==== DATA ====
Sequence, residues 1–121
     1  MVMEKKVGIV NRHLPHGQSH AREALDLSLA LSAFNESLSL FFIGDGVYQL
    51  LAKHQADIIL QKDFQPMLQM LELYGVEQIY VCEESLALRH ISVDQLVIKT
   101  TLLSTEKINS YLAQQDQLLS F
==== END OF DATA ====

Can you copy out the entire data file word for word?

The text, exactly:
Sequence, residues 1–121
     1  MVMEKKVGIV NRHLPHGQSH AREALDLSLA LSAFNESLSL FFIGDGVYQL
    51  LAKHQADIIL QKDFQPMLQM LELYGVEQIY VCEESLALRH ISVDQLVIKT
   101  TLLSTEKINS YLAQQDQLLS F